Land of the olive tree, olive growing is a thousand-year-old tradition in Provence and in the Alpilles…Surrounded by more than 350,000 olive trees, the Alpilles has a dozen oil mills where the exceptional flavour of the green or black fruit is revealed. An ancestral know-how that makes this nectar a product appreciated throughout the world. Here is your guide to the Alpilles Olive Oil: the Provencal Green Gold.
Here the olive tree is king. Rooted since the Phoenician conquests, centuries BC, the tree has forged the local identity and economy. To open the pages of the History of the Valley and immerse yourself in the soul of Provence, you have to climb to the heights of the rock of Les Baux-de-Provence. Clinging to the summit, the medieval village offers a breathtaking panorama of the Alpilles which have inspired so many artists. A postcard landscape bathed in sunshine and lulled by the chirping of cicadas in summer, with this special light on the fields of olive trees, the vines and the well-kept orchards, these mills which seem straight out of the tales of Alphonse Daudet. Here, the olive tree changes color according to the hours and the seasons, the gray-white reflections of the Alpilles mingle with the bright silver of its dazzling foliage.
These three villages vie for the title of “premier” olive oil of the valley of the Alpilles (which of course means the best in the world!) and each has an olive oil coopérative (miller) as well as several olive growers. The miller is the one who extracts the oil from the olives in his oil mill using different methods : the traditional system equipped with millstones and press and a more modern system of continuous chain. Olive growers are olive producers who use a processing company to obtain the oil from their olives.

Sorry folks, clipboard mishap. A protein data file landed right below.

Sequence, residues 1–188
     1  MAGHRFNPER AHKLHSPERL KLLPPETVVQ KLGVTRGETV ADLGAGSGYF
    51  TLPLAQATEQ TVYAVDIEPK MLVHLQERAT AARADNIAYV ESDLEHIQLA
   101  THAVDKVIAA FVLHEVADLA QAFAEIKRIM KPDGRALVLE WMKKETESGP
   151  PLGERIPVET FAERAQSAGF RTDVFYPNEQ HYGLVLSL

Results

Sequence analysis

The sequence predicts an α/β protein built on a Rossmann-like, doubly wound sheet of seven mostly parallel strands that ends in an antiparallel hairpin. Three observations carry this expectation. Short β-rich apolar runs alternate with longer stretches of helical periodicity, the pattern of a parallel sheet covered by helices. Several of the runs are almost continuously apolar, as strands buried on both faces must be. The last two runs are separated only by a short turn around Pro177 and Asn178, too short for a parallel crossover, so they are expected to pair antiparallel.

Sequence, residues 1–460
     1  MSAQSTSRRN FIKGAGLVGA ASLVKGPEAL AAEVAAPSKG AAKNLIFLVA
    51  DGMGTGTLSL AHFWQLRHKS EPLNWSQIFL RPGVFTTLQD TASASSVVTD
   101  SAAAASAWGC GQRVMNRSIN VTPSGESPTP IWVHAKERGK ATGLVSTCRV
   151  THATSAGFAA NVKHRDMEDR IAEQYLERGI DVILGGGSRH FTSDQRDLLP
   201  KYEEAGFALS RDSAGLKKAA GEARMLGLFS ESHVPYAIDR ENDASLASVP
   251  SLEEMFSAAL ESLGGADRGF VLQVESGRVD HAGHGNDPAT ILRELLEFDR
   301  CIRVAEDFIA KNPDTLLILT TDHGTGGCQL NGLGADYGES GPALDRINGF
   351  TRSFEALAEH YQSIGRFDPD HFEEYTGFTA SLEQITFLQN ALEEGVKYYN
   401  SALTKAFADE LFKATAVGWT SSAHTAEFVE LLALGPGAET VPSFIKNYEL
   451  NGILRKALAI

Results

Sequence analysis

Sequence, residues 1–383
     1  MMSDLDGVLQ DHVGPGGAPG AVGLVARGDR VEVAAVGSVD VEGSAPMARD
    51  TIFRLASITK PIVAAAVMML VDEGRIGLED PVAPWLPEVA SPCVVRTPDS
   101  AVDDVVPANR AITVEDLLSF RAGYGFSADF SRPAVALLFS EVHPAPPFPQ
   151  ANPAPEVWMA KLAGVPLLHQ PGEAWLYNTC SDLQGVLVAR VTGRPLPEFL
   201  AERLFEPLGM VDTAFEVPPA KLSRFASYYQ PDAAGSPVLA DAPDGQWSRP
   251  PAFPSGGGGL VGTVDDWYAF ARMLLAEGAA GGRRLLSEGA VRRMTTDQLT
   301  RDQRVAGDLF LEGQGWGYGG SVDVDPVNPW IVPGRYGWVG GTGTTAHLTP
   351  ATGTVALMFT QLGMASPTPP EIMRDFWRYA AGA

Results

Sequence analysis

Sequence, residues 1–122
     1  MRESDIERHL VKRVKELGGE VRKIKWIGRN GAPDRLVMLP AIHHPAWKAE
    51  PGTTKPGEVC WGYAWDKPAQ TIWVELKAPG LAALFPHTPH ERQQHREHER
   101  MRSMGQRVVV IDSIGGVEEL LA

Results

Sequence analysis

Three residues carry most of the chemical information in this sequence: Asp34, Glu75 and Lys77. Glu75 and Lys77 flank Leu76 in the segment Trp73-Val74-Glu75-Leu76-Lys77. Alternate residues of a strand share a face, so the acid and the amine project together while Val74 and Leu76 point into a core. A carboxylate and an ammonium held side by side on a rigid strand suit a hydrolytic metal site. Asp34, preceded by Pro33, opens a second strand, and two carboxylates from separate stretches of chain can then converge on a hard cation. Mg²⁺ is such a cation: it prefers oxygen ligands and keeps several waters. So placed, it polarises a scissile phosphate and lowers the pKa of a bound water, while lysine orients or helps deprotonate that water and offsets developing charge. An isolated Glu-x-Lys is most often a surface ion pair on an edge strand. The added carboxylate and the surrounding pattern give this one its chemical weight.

There are subtle differences between the oils from these three villages, but they share a characteristic fruity delicacy.
The different blends of olive varieties give the oils their characteristic flavours created by the master blenders.
Salonenque gives the oil an unctuous quality. Grossane, a large fleshy olive, gives softness, while Béruguette or Aglandau bring pungency. Verdale is typical of the Bouches-du-Rhône department. Picholine, small and pointed, brings an intense fruitiness to the oil with a touch of bitterness.
Green fruitiness and black or ripe fruitiness are obtained with these same varieties of olive. The difference comes from the time the olives spend ripening between picking and crushing. Green fruitiness is obtained with olives picked in the morning and processed within 24 hours. Black or ripe fruitiness is obtained by keeping the olives for four or five days between picking and crushing.